At the time these leaflets were produced, the Soviet Union’s criminalization of same-sex relations for men (official penalty: up to 5 years in prison) hadn’t been applied for half a decade. ACT UP’s main point was that failure to recognize the specific needs of your own citizens translates into harmful, even disastrous government policies.
Today, UN AIDS says the number of people living with HIV in Russia (990K) is larger than in the higher-populated Brazil, China, or Indonesia. The annual number of new infections has decreased dramatically in recent years even though Russia’s “AIDS investment strategy is not optimized to its epidemic patterns.” Translation: the government doesn’t understand how to spend money to effectively serve the affected population whose needs remain invisible because there is very little public discourse on AIDS and HIV-prevention in Russia.
The leaflets about the situation in the Soviet Union were a tear drop compared to the ocean of ACT UP’s activism “at home” in the 1980s and 90s. If you’re in New York, you can go visit the place where Sex and the City’s Carrie Bradshaw got married (or was planning to get married?—I dunno) to see the exhibit Why We Fight: Remembering AIDS Activism, at the Stephen A. Schwarzman Building of the New York Public Library.
The posters, graphics, flyers, and street actions coordinated by ACT UP repeated the core message of the two Soviet flyers we saw at the University of Southern Maine: the government’s not doing enough, it’s misinformed, misguided, unwilling to accept the reality or expertise of the people who know how to confront an AIDS epidemic.
The Wizard of Oz-inspired art by ACT UP is particularly telling:
“I’d fight AIDS if I only had a heart” — Rudy Giuliani, teach safe sex in schools.
“I’d fight AIDS if I only had a brain” — George Pataki, Medicaid cuts kill.
“I’d fight AIDS if I only had the courage” — Bill Clinton, support AIDS cure project.
“I’ll get you my pretty & your T-cells too!” — this one is from a wicked witch played by Newt Gingrich.
Check out the entire digital collection if you’re visiting your aunt in Dubuque and can’t see the exhibit, which closes on April 6 in New York.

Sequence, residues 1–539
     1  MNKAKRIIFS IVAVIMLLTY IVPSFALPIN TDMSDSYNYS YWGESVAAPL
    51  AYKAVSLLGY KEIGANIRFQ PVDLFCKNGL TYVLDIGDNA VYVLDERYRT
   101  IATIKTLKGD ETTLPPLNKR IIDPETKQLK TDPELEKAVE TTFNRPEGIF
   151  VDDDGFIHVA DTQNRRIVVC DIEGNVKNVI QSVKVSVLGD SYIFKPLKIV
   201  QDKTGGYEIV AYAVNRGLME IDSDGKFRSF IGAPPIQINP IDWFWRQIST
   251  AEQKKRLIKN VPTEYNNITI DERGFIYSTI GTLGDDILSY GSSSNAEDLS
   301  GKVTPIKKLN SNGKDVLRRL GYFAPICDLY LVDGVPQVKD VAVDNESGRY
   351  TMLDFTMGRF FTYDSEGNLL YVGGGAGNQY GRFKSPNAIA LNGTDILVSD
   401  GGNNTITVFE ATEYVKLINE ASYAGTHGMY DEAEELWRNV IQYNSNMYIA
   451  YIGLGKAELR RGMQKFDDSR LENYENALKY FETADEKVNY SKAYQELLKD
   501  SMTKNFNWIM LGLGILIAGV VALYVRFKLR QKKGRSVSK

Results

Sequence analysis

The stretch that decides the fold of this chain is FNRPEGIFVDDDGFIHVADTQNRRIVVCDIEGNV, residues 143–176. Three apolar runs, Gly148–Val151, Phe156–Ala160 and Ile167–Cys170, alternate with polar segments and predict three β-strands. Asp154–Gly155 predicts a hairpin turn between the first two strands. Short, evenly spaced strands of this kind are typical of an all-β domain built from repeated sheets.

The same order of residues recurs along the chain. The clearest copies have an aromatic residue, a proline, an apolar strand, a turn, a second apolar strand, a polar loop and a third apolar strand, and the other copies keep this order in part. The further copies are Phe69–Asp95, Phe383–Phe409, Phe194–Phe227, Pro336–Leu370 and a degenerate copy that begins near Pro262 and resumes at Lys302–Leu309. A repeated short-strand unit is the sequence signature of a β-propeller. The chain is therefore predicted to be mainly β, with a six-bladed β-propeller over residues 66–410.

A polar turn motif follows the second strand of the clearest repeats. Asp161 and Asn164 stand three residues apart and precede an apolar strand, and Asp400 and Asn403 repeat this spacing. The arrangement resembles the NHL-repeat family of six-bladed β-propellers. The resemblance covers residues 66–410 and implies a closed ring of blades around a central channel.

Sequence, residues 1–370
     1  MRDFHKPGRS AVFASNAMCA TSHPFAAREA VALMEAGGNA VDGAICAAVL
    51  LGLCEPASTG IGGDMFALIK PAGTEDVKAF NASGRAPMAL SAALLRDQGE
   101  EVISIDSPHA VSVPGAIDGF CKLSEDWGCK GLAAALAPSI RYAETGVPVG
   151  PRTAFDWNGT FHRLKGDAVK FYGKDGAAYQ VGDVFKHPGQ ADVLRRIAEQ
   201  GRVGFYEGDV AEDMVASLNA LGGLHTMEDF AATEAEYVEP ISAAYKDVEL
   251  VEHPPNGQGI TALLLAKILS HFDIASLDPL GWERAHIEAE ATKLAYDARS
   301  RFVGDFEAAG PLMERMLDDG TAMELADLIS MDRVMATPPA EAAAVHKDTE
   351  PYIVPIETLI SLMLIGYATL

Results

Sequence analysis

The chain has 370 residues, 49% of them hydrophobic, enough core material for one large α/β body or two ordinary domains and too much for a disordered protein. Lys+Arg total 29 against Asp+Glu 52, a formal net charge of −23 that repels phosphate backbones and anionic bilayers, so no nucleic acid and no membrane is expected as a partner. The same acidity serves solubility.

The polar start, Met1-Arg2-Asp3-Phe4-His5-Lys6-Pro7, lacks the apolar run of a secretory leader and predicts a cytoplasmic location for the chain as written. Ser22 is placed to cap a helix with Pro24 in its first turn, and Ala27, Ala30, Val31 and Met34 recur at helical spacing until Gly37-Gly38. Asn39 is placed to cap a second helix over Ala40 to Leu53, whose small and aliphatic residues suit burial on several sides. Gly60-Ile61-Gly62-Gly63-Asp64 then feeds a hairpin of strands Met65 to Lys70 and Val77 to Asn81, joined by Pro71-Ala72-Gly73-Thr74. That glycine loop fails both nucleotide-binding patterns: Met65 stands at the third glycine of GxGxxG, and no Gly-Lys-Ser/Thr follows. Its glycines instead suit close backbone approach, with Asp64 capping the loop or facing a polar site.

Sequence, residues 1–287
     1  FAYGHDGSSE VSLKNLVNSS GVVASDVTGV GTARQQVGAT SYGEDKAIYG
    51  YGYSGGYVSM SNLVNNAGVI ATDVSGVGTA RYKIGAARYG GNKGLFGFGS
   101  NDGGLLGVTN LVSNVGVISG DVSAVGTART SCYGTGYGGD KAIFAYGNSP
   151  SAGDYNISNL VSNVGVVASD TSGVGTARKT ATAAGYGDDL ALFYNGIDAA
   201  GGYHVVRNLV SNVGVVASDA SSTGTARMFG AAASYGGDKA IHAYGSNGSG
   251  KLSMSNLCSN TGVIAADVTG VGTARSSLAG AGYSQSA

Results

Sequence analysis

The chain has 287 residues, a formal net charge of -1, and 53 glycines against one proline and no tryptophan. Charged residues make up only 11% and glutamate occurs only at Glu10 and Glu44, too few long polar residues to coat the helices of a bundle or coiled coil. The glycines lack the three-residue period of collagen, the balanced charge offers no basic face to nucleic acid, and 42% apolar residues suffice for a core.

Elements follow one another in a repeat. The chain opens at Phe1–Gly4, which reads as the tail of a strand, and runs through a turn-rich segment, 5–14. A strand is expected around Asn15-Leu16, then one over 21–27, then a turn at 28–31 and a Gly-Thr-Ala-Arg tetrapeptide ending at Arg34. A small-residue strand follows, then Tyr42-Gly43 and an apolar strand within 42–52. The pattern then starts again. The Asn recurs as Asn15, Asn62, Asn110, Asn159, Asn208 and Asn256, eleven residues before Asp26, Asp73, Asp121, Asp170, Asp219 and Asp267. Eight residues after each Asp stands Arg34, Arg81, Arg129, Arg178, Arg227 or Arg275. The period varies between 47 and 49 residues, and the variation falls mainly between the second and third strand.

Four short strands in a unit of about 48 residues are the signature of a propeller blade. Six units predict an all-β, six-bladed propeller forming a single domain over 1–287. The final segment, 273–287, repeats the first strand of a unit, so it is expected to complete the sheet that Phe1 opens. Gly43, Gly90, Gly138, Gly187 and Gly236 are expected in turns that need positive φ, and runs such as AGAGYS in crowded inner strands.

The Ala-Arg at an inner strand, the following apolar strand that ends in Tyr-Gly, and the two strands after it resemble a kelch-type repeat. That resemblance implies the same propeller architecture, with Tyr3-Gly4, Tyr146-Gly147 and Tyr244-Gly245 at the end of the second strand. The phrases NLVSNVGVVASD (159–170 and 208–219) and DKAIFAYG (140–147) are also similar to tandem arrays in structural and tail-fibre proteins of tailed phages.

It’s precisely what Vladimir Putin needs: a heart to go back to his old self (his government shut down federal anti-“propaganda” bills in 2003, 2004, and 2006), a brain to implement policies informed by the most advanced, tech-savvy specialists of the day, and the courage to meet with LGBT activists and listen to their concerns.
While the representatives from LGBT rights group Rakurs were in Maine, Russia celebrated the Unity Day on November 4. The holiday is relatively new and is mostly known for large-scale privately-organized rallies by ultranationalist Russians, most notably in Moscow and Saint Petersburg.
In Saint Pete, one day ahead of the rallies two individuals came to the office of LaSky, shot an LGBT activist in the eye with a pneumatic gun, attacked other attendees, and fled the scene. They are still at large, and the victim’s lawyer has requested that the allegedly homophobic motive be considered by the police during the investigation. It probably won’t.
LaSky is the only project in Russia working on HIV/AIDS and STI prevention among “men who have sex with men.” The organization works with partners in more than a dozen regions, and Arkhangelsk’s Rakurs is in LaSky’s network. The attack on the activists in Saint Petersburg shows the danger of private violence (and day-to-day homophobic crime and harassment). The number of documented attacks like the one targeting LaSky remains extremely low because of underreporting and underrecording of crimes, but also because the visibility of LGBT community remains very low in Russia.
But it’s growing—despite the discriminatory laws and waves of public homophobia—so the Russian groups must study the example of Western countries, where violence remains a key concern even as more people are out publicly or supportive of LGBT rights. Visibility brings hope & progress, but it also creates many problems, including new security concerns.
Initiatives like Children-404 offer Russian (and international) youth a channel to express themselves and seek or offer support. The documentary based on the social networking project will be a huge hit because there is no way for Russia’s LGBT movements to go, but forward.